Teaching Tools

Censorship

Guest Blog Post by Carole Soden

I must admit that I am concerned with the current trend of attempting to censor or ban children’s books that are not in keeping with one’s political or historical beliefs. I can understand that some books are wrong, outdated or even incorrect. I myself am often not happy with the salacious or overly violent content of some of the books in my library, but my job is to educate my students and to support their First Amendment rights.

I also feel that many of these books can be used as teaching tools. Some of the best discussions in my class have come from controversial books. When I first proposed reading Huckleberry Finn to my racially mixed middle school class, there was an uproar and not a few objections. However, when the students came to the part where Huck chooses eternal damnation (which was quite real to him) over doing what he believed was the “right” thing, it was a powerful moment. The discussions that this provoked were far reaching and led students to really understand how choices they make affect their lives.

147243My students loved the book, Touching Spirit Bear by Ben Mikaelsen . After we read the book, we researched the Native American challenges to it which was a real eye-opener for many of them who had never even considered whether the Tlingit culture might have been misrepresented in the book, and whether or not that made a difference.

The controversy surrounding books such as A Birthday Cake for George Washington by Ramin Ganeshram which has been pulled by Scholastic, and A Fine Dessert by Emily Jenkins are upsetting to me. Both books have been roundly criticized for making slavery “too happy,” and for not explaining enough about it. As a librarian, I am always looking for books which show non-white or multi-cultural people and here is A Birthday Cake for George Washington, a book about a black man who is the head chef in the White House with white chefs working under him, and Scholastic pulls it. Again, I think this would be a wonderful teaching tool. Young children are quite able to evaluate and understand the good and bad points in books and isn’t it our job to educate them? This book and A Fine Dessert show the triumph of the human spirit, and that’s what I want my students to come away with. (I can point out that these people are not free and discuss much more about slavery). Isn’t this why Nelson Mandela was such a popular and revered leader?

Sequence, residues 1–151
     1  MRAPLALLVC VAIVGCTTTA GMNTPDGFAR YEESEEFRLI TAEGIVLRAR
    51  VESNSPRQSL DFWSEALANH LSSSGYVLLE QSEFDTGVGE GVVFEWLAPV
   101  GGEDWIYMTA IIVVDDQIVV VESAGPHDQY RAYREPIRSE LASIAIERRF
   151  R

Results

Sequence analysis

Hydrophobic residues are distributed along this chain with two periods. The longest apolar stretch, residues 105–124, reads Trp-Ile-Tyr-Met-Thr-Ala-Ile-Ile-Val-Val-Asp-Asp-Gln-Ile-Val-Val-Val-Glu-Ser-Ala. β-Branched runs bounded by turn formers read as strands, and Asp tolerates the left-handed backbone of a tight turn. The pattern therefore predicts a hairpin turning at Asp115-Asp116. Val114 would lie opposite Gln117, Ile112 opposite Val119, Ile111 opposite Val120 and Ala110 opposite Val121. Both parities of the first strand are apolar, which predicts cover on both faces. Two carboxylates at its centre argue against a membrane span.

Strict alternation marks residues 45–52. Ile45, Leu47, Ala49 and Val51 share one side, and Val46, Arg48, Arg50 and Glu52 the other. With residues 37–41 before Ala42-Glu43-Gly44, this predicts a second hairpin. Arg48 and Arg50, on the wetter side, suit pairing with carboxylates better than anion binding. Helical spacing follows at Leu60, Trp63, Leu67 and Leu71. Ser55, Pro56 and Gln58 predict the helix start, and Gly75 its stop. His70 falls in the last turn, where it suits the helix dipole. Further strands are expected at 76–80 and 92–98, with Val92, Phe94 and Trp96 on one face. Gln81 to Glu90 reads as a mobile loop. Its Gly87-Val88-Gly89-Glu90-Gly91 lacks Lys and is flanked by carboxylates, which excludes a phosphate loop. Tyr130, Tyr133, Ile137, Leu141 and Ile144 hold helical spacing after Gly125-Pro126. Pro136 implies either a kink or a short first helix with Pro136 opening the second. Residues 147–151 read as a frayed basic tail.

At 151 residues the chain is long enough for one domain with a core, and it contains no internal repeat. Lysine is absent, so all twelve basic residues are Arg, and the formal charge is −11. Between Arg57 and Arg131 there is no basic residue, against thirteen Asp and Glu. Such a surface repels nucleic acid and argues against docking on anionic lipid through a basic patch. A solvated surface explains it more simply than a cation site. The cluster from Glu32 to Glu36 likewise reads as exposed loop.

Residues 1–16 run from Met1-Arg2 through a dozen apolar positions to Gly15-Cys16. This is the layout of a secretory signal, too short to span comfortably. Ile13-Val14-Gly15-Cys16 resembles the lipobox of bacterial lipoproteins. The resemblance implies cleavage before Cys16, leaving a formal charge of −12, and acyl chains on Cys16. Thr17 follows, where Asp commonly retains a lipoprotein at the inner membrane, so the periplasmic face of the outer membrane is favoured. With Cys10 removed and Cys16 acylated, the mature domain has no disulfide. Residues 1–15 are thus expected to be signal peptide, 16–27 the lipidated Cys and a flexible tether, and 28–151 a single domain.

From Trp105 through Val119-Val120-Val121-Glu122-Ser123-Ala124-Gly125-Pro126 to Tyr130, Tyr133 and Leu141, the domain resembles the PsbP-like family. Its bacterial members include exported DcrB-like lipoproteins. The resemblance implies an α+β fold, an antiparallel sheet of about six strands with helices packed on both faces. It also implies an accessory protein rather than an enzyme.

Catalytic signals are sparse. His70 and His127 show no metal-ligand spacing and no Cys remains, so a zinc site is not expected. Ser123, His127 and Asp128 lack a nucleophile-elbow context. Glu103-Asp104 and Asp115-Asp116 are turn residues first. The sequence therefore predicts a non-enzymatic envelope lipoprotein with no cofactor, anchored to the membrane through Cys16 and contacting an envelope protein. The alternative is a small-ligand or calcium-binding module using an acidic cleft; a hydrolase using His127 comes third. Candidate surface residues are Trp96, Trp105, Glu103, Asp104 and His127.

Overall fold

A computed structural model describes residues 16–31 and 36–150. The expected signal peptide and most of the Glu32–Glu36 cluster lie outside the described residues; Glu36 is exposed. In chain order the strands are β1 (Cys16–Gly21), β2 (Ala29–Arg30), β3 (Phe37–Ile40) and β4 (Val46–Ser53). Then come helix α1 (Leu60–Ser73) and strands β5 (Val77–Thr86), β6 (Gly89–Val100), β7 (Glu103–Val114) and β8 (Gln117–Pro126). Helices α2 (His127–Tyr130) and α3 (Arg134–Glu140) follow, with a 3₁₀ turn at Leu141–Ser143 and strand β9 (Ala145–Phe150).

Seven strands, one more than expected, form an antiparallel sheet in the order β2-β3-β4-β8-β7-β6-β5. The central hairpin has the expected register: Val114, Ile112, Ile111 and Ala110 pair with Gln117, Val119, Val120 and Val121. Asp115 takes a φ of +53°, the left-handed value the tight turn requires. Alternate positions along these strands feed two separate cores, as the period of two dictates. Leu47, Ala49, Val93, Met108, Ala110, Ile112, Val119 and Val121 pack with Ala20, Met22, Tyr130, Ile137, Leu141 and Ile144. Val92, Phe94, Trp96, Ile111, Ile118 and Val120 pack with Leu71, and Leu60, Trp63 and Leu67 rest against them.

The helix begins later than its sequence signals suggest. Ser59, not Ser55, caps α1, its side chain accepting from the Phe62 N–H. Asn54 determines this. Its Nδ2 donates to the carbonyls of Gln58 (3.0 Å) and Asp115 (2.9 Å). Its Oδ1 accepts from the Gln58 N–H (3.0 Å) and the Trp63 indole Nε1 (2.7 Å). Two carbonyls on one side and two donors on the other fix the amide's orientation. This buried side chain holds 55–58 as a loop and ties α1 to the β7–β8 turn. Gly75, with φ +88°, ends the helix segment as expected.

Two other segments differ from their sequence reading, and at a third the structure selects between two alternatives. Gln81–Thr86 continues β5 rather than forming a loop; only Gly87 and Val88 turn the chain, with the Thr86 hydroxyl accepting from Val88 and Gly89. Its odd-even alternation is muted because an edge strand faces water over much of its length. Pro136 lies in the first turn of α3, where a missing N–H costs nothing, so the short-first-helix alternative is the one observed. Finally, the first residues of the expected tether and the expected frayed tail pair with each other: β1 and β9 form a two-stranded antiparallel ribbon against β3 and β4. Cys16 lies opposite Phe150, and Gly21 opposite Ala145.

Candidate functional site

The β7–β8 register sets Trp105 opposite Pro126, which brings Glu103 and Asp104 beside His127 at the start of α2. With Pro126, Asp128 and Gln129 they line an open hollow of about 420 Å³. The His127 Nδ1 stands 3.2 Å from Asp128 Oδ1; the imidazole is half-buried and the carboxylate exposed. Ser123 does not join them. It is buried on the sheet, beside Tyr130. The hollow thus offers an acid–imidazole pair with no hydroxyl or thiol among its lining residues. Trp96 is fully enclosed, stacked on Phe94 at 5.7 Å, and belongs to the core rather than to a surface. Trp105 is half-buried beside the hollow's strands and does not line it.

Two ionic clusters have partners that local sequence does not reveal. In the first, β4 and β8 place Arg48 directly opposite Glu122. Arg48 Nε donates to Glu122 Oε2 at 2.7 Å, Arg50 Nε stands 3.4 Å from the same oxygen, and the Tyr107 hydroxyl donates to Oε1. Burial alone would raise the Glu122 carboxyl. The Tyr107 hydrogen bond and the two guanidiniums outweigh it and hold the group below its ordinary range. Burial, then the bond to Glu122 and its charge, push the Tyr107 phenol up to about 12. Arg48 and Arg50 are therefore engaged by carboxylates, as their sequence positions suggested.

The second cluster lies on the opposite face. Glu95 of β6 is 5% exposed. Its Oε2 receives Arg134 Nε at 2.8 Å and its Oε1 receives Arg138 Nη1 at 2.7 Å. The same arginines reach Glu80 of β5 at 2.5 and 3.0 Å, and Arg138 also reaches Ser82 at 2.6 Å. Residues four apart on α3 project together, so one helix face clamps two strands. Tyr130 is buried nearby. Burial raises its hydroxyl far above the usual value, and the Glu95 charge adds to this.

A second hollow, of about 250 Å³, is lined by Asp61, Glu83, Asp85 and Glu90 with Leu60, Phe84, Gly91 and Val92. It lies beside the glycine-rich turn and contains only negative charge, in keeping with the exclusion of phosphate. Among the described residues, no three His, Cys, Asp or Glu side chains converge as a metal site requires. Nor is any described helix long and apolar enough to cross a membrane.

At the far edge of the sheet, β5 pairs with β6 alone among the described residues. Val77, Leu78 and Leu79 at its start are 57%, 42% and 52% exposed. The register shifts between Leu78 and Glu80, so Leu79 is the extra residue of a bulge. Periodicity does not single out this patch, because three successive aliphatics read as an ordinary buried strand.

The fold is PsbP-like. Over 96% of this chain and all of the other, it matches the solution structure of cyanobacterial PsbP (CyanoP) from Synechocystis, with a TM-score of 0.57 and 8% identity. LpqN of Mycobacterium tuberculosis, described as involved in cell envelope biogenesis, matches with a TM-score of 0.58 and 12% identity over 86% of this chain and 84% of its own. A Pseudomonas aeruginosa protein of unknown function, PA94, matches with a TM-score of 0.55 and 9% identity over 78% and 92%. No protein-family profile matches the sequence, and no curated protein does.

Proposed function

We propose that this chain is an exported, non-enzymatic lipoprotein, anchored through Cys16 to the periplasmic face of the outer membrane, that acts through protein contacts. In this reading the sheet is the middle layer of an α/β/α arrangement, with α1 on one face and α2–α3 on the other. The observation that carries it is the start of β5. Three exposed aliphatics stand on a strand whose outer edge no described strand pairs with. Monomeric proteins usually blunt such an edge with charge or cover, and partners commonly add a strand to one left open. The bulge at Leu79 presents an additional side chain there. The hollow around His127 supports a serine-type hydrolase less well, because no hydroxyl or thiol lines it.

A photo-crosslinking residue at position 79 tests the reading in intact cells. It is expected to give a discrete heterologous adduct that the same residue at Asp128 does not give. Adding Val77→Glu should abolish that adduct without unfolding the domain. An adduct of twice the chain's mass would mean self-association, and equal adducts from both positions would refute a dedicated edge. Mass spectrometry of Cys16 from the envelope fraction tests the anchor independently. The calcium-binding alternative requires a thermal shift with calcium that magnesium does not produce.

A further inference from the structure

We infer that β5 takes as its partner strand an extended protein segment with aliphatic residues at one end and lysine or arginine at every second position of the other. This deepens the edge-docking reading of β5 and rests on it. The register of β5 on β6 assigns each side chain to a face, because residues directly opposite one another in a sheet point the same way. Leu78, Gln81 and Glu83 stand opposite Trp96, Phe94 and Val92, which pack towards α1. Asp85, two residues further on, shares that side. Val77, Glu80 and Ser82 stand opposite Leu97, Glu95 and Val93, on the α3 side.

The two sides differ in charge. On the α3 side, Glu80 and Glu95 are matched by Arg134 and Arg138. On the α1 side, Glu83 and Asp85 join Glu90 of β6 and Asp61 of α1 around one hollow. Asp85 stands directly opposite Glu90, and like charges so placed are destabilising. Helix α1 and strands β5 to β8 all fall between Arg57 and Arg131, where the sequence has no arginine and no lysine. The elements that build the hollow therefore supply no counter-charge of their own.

While I truly understand the real concerns of people such as Ebony Elizabeth Thomas, an assistant professor at the University of 51dIMoYzd0L._SX258_BO1,204,203,200_Pennsylvania Graduate School of Education who wrote, “Imagine reading ‘A Fine Dessert’ to a classroom in Philadelphia that is 90 percent African American. How are those kids going to feel?” but that isn’t enough to stop me from using this book or to make me deny these students their First American rights.

We need to empower our students and help them to think. We need to show them that they can learn to deal with the uncomfortable and wrong things that happen in life. We need to shake ourselves out of our comfort zones and help our students to do the same.

I think that Education and Library classes need to teach us how to deal with difficult subjects in books. That’s a class I’d love to explore and teach! In the meantime, I’m upset with the idea of banning or censoring books. I want my students to continue see how the world has changed and where it still needs to change. I want to keep using these books to make students think. I want Banned Books Week to stand for ALL books and not just the ones that make us comfortable and support our points of view. I want us to continue to find ways to use all books to enlighten and educate our students.


Carole Soden is a librarian and teacher (with a Masters in Library Science from Portland State University). She has taught in International and local schools in many foreign countries (Afghanistan, Pakistan, Lesotho, Ethiopia, the Philippines, St. Kitts), as well as private and public schools in the United States. Her passion is teaching reading and finding the “right” book for each child.

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